From a strictly materials engineering standpoint, I suspect that the camblock version is the "better" of the two, as I think that it does an efficient job of absorbing recoil force, as opposed to merely directing it into the frame (and, by extension, into the user's hand).
From a user's standpoint, I think that it's pretty much irrelevant as to which is "better"-both do the job of very effectively managing recoil force to effect the operational cycle, and the P94/P944 is hardly under-engineered. Given the weight and engineering of the P944 with the swinging link, I personally never felt adversely affected by the recoil forces inherent to the .40 cartridge with it.
I suspect that Ruger's shifting from the swinging link to the camblock system in the P944 (I don't believe that any 9mm P94s were ever produced with the camblock before the 9mm P94 was phased out of production)had more to do with organizational. logistical, and manufacturing efficiencies and product/manufacturing simplification.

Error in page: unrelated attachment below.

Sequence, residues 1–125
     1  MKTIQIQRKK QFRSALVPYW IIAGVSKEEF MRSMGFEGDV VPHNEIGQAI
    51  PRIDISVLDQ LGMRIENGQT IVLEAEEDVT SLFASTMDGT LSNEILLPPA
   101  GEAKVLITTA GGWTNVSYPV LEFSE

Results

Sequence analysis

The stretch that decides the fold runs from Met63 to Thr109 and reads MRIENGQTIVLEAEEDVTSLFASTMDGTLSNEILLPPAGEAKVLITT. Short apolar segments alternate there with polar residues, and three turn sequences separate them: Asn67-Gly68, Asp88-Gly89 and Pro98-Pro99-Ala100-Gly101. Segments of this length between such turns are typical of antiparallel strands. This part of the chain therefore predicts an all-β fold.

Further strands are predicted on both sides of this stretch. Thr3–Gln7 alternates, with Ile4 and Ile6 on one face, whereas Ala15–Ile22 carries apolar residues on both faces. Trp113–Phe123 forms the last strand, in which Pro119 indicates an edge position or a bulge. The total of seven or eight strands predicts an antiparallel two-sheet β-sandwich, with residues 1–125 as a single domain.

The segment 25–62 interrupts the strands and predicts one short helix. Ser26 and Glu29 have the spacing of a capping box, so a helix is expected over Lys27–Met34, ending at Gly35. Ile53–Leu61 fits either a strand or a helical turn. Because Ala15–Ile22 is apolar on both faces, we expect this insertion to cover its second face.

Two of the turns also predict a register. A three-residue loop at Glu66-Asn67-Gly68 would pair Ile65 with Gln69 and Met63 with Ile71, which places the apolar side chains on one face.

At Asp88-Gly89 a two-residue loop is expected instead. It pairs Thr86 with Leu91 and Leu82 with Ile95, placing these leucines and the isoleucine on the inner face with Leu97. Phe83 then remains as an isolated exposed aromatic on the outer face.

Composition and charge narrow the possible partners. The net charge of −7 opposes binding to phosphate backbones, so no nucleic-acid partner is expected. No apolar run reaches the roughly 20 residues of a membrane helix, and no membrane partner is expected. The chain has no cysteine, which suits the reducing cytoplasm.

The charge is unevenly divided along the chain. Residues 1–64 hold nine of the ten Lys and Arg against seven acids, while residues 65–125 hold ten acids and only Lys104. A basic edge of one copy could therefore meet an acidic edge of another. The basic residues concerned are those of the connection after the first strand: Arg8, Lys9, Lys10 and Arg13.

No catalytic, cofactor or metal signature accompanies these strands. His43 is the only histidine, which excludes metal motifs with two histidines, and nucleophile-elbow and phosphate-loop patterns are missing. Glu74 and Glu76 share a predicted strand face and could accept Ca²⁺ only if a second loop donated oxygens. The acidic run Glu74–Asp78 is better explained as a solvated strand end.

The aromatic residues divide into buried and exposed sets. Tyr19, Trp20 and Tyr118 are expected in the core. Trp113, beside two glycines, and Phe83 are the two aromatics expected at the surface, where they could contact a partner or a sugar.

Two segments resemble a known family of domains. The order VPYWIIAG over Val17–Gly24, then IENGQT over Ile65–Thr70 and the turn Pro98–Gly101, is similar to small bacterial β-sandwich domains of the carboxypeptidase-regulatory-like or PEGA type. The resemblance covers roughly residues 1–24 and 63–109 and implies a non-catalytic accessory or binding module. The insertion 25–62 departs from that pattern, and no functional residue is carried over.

I had a P944 for years with the swinging link, and was satisfied with the system, and felt no compelling need to switch to a camblock P944. However, given a choice between the two systems, I would slightly lean towards the camblock system, as I suspect that it does increase the long term longevity of the P944 frame, given the sharp, quick pressure peak inherent to the .40 cartridge (and, at least theoretically, may provide for greater "tunability" via recoil spring selection in conjunction with cartridge loading selection).
For 9mm users, there's a solution if you prefer the camblock system-it's called the P95.